I'm currently designing a CLI application geared towards the more technical demographic of users that has a set of English subcommands, which (judging by other popular CLI applications such as git) seems to be okay even for users that do not use English or Latin-based scripts (e.g. Japanese, Chinese, Hindi, Arabic, etc.)

The application allows the user to input short identifiers that turn into directories in the filesystem. Following typical programming convention, my knee-jerk reaction was to only allow /[A-Za-z0-9_-]+/ as the directory names.

However, I quickly realized that this might cut out users who simply do not understand latin scripts at all, and that perhaps I should be limiting more by spaces and whatnot. The problem is, these identifiers might also be used in URLs in the future, or even (perhaps) identifiers in scripts.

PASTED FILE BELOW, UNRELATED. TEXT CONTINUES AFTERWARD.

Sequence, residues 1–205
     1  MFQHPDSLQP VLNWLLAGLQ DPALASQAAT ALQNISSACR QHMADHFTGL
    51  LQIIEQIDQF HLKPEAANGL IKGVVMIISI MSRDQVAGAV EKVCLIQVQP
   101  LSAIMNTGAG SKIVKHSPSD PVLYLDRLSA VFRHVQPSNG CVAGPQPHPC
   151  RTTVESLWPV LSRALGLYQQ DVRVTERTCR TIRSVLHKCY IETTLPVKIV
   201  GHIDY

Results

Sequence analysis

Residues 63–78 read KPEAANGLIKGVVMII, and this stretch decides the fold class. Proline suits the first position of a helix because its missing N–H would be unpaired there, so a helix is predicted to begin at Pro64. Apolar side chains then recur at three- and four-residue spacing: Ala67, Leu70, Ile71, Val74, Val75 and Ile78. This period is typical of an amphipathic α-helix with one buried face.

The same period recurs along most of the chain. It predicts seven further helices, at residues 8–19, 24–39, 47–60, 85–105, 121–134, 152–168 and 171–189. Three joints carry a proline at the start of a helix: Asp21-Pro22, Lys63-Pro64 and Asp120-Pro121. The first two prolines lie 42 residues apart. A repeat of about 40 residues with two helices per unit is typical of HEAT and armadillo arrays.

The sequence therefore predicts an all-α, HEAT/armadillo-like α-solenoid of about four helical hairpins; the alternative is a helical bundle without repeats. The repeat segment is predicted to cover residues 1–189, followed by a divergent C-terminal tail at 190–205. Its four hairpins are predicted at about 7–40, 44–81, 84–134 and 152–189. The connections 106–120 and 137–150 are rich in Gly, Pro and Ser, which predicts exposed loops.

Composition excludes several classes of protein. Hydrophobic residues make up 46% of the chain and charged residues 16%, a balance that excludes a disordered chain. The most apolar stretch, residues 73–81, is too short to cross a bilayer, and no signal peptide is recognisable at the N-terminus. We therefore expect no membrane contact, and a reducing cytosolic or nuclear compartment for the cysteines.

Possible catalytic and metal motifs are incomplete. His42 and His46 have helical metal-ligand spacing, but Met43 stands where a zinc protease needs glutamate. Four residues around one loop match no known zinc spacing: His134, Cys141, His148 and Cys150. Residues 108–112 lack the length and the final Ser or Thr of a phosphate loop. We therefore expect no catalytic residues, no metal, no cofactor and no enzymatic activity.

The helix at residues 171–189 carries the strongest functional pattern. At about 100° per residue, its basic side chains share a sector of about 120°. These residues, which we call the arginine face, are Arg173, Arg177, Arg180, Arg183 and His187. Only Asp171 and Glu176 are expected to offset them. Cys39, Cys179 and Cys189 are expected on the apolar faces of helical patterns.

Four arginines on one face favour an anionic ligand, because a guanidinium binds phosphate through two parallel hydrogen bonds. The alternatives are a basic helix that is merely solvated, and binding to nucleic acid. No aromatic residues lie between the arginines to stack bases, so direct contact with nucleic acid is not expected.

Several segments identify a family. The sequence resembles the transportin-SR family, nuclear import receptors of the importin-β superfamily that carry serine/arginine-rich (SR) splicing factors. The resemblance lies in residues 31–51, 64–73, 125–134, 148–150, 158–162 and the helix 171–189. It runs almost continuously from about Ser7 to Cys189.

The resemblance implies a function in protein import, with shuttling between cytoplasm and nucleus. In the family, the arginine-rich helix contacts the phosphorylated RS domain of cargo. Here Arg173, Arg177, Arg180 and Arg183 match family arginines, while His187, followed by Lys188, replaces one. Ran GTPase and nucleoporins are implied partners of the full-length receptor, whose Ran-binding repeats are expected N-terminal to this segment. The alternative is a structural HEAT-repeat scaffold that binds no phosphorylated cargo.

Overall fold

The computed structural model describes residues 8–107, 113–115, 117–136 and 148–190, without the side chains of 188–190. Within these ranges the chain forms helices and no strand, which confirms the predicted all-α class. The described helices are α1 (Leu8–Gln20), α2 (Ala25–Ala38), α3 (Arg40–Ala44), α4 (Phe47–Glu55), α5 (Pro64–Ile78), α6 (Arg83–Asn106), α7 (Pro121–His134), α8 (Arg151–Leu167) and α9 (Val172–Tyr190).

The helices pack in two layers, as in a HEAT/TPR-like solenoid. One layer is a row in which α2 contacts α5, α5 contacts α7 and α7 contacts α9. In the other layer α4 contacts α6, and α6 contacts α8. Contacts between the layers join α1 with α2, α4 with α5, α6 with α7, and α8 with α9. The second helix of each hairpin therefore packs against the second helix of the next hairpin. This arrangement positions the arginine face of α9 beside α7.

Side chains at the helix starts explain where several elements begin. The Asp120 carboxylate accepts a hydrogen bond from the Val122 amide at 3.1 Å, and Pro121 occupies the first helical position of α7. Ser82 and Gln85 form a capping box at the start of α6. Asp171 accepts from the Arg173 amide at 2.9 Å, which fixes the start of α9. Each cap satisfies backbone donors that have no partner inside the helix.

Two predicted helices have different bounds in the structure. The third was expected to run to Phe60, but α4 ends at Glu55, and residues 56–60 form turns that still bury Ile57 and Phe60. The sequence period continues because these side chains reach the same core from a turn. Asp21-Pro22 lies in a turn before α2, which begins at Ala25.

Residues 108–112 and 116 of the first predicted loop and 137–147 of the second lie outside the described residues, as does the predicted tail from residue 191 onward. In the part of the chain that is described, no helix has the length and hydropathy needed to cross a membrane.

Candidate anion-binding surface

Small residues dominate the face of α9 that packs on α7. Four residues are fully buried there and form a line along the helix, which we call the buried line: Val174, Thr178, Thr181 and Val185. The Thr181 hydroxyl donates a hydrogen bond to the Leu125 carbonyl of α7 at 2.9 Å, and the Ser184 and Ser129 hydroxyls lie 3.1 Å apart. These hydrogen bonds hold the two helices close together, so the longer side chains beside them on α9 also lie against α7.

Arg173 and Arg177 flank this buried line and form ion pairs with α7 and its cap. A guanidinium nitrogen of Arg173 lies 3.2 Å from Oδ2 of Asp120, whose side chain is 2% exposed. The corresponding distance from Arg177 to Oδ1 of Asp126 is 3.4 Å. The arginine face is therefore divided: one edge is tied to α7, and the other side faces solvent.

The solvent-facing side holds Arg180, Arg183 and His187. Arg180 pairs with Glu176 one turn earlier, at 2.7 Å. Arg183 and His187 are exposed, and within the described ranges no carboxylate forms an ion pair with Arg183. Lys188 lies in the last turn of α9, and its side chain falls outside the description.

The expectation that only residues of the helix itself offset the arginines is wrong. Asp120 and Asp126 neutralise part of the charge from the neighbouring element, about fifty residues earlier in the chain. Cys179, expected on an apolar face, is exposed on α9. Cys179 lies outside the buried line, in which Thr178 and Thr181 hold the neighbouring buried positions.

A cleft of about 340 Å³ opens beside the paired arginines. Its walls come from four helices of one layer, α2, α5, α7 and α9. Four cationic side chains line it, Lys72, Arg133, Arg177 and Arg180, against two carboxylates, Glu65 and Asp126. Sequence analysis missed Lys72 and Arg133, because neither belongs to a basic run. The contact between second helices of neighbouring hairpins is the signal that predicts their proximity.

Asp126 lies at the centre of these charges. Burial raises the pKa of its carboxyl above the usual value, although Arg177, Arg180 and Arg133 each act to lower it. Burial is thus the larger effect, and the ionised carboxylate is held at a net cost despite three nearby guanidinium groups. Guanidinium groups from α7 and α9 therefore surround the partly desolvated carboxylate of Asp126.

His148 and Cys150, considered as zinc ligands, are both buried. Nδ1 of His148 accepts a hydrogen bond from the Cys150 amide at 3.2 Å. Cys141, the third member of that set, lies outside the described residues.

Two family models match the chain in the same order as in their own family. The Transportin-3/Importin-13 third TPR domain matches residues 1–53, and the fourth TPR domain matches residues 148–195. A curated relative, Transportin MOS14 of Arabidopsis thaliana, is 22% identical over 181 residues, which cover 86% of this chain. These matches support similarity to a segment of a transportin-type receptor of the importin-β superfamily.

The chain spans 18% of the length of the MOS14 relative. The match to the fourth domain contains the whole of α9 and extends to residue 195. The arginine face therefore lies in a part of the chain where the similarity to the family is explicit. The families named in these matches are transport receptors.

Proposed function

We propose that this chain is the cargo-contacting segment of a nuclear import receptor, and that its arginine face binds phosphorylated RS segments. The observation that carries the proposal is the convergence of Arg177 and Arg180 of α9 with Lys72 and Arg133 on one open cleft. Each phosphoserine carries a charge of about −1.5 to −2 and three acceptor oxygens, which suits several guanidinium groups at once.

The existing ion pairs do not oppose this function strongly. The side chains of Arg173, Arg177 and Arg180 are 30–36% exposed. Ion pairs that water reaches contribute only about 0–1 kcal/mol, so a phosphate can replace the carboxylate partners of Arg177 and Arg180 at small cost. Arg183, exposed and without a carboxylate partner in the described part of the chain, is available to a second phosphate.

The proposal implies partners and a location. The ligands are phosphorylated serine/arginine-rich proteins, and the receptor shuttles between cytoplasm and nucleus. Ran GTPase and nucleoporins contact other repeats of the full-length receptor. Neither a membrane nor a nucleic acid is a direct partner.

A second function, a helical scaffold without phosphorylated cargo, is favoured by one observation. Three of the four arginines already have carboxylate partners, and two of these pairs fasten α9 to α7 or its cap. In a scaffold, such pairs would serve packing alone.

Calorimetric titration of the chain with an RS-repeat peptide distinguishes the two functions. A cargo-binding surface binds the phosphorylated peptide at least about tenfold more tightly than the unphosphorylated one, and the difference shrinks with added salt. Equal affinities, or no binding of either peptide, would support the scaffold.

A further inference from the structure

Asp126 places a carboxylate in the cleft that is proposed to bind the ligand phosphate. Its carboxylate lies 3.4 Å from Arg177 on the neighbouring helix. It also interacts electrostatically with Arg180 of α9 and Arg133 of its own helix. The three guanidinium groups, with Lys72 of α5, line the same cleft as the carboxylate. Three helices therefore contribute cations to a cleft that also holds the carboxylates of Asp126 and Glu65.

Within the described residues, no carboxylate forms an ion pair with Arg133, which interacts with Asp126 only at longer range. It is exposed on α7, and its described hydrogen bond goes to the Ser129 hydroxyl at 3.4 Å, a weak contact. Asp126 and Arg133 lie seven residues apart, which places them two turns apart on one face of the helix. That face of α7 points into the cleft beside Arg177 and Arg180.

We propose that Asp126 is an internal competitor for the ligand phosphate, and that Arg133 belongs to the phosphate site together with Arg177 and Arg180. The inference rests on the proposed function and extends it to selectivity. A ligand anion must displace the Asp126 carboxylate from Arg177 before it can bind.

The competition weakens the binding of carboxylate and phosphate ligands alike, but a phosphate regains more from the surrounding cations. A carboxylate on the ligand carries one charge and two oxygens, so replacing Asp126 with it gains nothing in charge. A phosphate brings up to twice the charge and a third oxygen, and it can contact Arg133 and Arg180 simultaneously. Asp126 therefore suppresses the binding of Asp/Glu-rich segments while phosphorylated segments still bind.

How much of a hinderance would limiting these identifiers to latin scripts be to such users? Do e.g. Japanese users create directories in Japanese in order to use them in scripts? Will I be causing more of a headache by allowing them?


Your Answer

By clicking “Post Your Answer”, you agree to our terms of service and acknowledge that you have read and understand our privacy policy and code of conduct.

Browse other questions tagged or ask your own question.